China considered drone strike on foreign soil in hunt for drug lord

PUBLISHED : Tuesday, 19 February, 2013, 4:05pm
UPDATED : Tuesday, 19 February, 2013, 11:44pm

The hunt for a Myanmese drug lord convicted of massacring 13 Chinese sailors more than a year ago could have ended with a “drone strike” launched on foreign soil, China’s top drug tsar told the Global Times newspaper in a story published on Monday.

Liu Yuejin, director of the public security ministry’s anti-drug bureau, said one of the plans to end the months-long manhunt for drug lord Naw Kham was to strafe a mountain hideout in north-eastern Myanmar using unmanned aircraft.

Naw Kham was the ring leader of a large drug trafficking outfit based in the Golden Triangle – a mountainous drug-producing region in Southeast Asia covering areas of Myanmar, Laos, Thailand and Vietnam.

“One plan was to use an unmanned aerial vehicle (UAV) to carry 20kg of TNT to bomb the area, but the plan was rejected because we were ordered to catch him alive,” Liu told the Global Times.

It is a noteworthy revelation as senior Chinese officials rarely make public acknowledgents about the country's ability to project power overseas.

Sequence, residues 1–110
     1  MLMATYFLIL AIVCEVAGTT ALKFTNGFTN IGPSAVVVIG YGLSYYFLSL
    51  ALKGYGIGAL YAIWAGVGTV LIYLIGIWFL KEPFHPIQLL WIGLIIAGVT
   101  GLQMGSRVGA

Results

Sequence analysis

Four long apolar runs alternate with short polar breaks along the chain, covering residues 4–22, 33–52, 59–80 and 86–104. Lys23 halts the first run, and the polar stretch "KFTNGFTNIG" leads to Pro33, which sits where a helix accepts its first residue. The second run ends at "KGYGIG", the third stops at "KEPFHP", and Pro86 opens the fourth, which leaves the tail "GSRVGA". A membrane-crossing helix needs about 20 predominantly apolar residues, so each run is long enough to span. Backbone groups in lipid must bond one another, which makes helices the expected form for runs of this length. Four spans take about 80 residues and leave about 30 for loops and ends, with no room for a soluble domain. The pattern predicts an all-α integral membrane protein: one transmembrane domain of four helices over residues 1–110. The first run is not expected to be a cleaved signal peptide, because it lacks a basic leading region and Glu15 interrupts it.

The disclosure also highlights the level of technological sophistication in terms of China’s ability to surveil targets in Southeast Asia. This will likely draw concern from the Asean neighbours wary of China’s military capabilities.

According to the report, if the plan had been carried out, China’s Beidou navigation satellite system (BDS) would have been able to guide the drones into Myanmar – a move that could have sparked international controversy as with American covert drone strikes in Pakistan.

China recently announced plans to step up what is believed to be nascent drone technology, which it claims would be used for peaceful surveillance purposes. The country unveiled eight new unmanned aircraft models last November at a Zhuhai air show.

Chinese police engaged in one of their first overseas police operations in late 2011 after the hijacking of two cargo ships on the Mekong River in Thailand left 13 sailors dead in October that year.

Joint investigations by police from China, Thailand, Laos and Myanmar eventually linked the attack to Naw Kham and triggered a region-wide manhunt. China dispatched its own taskforce to the Mekong River and called for joint river patrols with neighbouring countries.

According to Liu, who headed the taskforce, Naw Kham had escaped capture at least three times because his team was “limited in what they could do overseas”.

Naw Kham was eventually arrested in April 2012 during a night ambush in Laos and extradited to China. Naw Kham and four other accomplices are awaiting the death penalty after being sentenced by a Yunnan court in November.